Seneca’s continuum of care includes mental health, education, permanency, and juvenile justice programs designed to meet the holistic needs of children and families. Over the years, Seneca has used the lessons we have learned supporting youth facing profound challenges to reshape systems and build programs that can both reach young people at the first sign of struggle and unconditionally serve youth with the most acute and extraordinary needs. Services are designed to be highly accessible and responsive to the needs and goals of each youth and family, reaching them in their homes, schools, and communities.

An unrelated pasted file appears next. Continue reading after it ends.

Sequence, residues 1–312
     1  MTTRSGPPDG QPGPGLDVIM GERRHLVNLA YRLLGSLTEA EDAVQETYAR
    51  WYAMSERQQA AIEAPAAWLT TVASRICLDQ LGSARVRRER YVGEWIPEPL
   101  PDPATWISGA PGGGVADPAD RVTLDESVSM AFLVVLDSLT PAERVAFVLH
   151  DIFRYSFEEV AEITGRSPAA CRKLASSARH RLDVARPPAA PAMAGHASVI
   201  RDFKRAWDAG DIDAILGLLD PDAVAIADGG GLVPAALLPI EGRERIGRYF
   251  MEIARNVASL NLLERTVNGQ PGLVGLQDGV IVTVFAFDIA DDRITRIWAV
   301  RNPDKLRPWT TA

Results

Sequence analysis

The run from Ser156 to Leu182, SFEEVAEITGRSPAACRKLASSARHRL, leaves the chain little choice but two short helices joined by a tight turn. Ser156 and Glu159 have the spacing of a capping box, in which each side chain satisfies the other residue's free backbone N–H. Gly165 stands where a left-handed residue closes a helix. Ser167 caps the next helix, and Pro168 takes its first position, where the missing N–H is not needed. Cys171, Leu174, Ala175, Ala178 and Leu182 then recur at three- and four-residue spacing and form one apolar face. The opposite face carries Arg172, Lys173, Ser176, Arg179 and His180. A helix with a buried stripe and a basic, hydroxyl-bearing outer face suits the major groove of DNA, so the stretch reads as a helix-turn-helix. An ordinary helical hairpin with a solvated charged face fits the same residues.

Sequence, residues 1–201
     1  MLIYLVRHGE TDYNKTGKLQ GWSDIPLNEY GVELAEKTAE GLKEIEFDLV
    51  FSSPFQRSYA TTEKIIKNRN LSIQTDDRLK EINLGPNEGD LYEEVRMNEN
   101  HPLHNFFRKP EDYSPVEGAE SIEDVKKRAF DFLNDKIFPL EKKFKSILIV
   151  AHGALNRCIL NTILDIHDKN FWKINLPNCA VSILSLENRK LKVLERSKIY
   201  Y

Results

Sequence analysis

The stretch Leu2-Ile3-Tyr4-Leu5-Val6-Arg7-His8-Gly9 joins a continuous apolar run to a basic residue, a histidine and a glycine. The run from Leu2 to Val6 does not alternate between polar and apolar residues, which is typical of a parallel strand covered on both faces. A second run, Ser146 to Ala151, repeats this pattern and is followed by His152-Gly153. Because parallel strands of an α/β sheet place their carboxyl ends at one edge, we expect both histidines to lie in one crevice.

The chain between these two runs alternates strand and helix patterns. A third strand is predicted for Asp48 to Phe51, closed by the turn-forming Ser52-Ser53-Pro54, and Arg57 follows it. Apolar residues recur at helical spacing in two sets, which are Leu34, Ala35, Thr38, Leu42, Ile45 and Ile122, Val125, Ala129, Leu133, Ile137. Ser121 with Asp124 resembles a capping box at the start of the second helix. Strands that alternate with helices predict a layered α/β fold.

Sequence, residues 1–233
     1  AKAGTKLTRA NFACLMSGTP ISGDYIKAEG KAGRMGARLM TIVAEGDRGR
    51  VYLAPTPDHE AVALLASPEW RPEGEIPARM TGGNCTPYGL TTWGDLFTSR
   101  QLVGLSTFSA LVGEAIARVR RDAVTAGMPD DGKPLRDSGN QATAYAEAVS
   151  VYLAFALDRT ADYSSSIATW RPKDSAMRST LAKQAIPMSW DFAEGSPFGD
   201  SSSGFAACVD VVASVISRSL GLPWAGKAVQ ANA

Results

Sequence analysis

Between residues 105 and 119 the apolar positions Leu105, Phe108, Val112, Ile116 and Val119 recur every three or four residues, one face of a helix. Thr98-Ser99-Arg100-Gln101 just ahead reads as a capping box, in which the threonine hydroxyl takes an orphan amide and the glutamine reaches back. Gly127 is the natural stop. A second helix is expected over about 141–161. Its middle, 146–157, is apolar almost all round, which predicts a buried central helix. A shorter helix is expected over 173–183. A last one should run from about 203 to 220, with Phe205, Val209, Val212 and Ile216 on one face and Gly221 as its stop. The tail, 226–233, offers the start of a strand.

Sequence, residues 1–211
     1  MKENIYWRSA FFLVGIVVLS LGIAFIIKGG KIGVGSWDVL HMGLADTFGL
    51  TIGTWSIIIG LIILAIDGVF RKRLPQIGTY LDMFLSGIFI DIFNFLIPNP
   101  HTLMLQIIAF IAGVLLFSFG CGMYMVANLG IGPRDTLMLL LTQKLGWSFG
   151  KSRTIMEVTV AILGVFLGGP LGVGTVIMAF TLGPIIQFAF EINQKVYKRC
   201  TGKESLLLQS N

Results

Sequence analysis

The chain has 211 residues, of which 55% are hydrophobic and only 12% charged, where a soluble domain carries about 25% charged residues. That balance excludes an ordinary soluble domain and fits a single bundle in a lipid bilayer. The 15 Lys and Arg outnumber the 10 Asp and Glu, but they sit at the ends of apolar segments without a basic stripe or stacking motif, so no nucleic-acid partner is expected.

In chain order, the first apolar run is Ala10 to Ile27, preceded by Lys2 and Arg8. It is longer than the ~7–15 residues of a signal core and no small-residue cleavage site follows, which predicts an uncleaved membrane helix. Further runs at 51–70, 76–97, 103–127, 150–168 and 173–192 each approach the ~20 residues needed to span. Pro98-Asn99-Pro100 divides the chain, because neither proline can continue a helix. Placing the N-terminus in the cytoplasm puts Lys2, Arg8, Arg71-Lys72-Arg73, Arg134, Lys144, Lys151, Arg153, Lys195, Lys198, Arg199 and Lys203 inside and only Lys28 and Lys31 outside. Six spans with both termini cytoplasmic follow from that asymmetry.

Unconditional Care This book presents Seneca’s clinical model for supporting children and families whose lives have been touched by the child welfare, mental health, juvenile justice, and special education systems. Strengths-based and family-focused, Unconditional Care (UC) (Oxford University Press, 2010) is a promise made to every child and family served through Seneca’s programs. Unconditional Education This book aims to engage education leaders around the principles and practices of Unconditional Education (UE) (Oxford University Press, 2019) a belief in working tirelessly to protect the rights of those students who are most readily disenfranchised by the existing education system. These students are living in poverty, exposed to chronic stress and trauma, and sometimes involved in the child welfare or probation system; they are often English Language Learners, and students with disabilities and/or mental health diagnoses. There is ample evidence that our current education system is failing these students.